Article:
How To Tap Into Your 401k For A Mortgage Down Payment

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American retirement accounts are flush with cash, but can that money be used to buy or fix-up real estate?

There are different types of retirement accounts and among the most important are 401k plans. They held almost $7 trillion in assets as of the first quarter, according to the Investment Company Institute.

Many 401k plans – but not all – allow contributors to withdraw or borrow funds, in some cases up to $50,000.

401k Withdrawals

An account owner can withdraw 401k money under many plans. The money it contains is, after all, your money.

However, the retirement system is set up to provide long-term funding for beneficiaries and just getting a withdrawal check can set off several concerns.

“Funds in a 401(k) account,” explained Jason Co, a Certified Financial Planner with the Co Planning Group in St. Louis, “can be accessed for a variety of purposes, including making a down payment on a home, whether for personal use or for assisting someone else.

However, such a withdrawal typically triggers a 10% early withdrawal penalty, in addition to federal and state income taxes, making it a potentially costly maneuver.”

As an alternative to a withdrawal, Co said account owners should consider a 401k loan.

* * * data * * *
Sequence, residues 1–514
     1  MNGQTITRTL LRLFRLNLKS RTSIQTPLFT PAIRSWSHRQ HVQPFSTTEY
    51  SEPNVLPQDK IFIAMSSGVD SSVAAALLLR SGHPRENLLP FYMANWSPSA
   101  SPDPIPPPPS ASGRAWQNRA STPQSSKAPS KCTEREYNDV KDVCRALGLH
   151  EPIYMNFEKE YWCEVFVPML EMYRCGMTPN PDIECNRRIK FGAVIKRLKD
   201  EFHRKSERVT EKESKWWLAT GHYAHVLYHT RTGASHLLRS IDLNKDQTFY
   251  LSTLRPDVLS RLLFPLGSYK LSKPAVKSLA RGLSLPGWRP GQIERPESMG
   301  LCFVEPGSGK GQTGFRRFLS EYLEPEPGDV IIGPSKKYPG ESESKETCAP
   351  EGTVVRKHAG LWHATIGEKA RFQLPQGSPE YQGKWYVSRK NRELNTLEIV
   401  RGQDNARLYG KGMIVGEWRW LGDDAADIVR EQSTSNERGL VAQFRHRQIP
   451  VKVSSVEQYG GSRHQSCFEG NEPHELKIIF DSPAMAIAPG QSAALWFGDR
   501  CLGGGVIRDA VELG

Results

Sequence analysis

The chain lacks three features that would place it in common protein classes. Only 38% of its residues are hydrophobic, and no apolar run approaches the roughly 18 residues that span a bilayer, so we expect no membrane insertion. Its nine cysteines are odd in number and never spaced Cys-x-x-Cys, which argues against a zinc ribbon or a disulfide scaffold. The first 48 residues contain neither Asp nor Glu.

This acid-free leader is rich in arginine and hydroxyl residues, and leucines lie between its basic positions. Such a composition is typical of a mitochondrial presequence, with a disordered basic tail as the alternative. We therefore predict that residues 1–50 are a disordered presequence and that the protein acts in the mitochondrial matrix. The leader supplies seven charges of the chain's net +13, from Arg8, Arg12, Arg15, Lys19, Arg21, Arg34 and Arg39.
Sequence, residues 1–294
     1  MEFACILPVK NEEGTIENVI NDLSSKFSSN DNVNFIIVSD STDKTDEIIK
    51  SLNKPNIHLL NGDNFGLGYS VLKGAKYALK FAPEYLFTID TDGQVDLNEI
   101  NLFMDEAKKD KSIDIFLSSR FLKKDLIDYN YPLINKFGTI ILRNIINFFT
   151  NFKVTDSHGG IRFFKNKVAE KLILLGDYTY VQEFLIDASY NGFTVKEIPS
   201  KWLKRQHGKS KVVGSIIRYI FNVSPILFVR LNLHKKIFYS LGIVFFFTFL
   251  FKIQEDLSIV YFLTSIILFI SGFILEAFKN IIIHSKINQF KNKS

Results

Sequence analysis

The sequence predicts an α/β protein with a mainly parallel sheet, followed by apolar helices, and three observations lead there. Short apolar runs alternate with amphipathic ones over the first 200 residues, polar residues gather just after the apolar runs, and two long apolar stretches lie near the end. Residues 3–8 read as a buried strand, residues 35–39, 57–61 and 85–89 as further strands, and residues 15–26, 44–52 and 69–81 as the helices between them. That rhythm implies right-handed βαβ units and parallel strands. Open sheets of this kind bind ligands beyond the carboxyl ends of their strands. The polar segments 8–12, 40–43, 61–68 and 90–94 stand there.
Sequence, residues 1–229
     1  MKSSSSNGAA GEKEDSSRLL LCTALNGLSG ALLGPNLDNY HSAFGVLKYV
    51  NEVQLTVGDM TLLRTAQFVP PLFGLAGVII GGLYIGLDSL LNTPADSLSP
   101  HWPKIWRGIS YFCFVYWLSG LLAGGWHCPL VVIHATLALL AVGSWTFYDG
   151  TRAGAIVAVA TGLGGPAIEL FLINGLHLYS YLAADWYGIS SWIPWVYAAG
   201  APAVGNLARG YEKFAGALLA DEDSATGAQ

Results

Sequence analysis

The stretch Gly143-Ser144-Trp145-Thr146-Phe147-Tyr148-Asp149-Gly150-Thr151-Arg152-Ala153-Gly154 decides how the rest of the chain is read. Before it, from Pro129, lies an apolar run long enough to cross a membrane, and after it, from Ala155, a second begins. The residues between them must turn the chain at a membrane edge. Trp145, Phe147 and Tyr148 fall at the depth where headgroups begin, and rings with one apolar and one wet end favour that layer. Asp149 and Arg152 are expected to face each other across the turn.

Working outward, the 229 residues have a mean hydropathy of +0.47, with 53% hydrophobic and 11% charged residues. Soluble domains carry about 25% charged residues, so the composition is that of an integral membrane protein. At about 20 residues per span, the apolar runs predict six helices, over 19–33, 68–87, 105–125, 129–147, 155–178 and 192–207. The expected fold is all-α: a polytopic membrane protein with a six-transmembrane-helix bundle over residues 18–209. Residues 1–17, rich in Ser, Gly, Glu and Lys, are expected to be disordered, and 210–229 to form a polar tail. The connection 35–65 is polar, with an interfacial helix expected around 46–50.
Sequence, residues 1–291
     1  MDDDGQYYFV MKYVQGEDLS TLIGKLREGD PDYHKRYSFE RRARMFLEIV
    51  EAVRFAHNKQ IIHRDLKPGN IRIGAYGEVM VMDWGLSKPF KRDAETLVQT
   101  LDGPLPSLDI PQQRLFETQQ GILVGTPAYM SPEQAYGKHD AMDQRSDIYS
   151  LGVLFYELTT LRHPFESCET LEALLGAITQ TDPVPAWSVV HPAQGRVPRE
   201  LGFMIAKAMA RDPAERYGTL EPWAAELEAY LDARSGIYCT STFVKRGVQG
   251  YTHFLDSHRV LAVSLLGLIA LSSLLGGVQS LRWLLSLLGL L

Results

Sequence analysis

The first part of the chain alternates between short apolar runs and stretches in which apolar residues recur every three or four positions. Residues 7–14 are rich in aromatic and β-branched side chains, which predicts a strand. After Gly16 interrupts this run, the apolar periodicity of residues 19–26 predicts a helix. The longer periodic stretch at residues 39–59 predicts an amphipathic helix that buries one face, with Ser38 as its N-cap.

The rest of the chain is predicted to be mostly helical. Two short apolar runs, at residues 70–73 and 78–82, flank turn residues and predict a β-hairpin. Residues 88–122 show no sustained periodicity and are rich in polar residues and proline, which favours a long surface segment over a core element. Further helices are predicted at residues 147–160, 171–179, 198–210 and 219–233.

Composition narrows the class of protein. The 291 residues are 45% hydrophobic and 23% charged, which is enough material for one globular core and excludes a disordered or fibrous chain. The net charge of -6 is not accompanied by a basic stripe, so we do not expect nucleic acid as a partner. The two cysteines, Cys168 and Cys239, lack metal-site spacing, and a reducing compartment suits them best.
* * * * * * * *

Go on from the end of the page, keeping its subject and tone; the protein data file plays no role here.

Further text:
“When you borrow from your 401(k),” Co explained, “you do accrue interest on the loan, but you also create a structured repayment plan that avoids the income tax and the 10% early withdrawal penalty associated with direct withdrawals. This repayment scheme also provides an opportunity to replenish your retirement savings over time.”

Terrance Hutchins, a Certified Financial Planner with the Logos Financial Group in Frisco, TX, said that “you are able to utilize money from your 401K to go towards a house down payment. You would either take this out as a hardship withdrawal (if your employer allows it) or as a loan of up to $50K. 

Hutchins adds that “the hardship withdrawal would be taxable to you as income in the current year and if you are under 59.5 then you would pay the extra 10% penalty. The 401k loan you could pay that back with interest over up to a 5-year period.

However, if you separate from your employer then the payback terms may change. That would not be taxable as long as you pay the loan back per the terms.”

401K Loans for Real Estate

You’re borrowing from yourself with a 401k loan and have to pay interest. While this may seem odd, it’s actually a good idea because it means borrowed money is being returned to the retirement account and the account is earning interest. 

According to the IRS, “the maximum amount that the plan can permit as a loan is (1) the greater of $10,000 or 50% of your vested account balance, or (2) $50,000, whichever is less. For example, if a participant has an account balance of $40,000, the maximum amount that he or she can borrow from the account is $20,000.”

Sam Schwartz, a Certified Financial Planner with Anchor Pointe Wealth Management in Jackson, MO, points out that 401k loans have pros and cons. His list includes:

  • Pro: “Quick and easy access to funds, without credit checks or lengthy applications.”
  • Pro: “The interest you pay goes back to yourself, not a bank or lender.”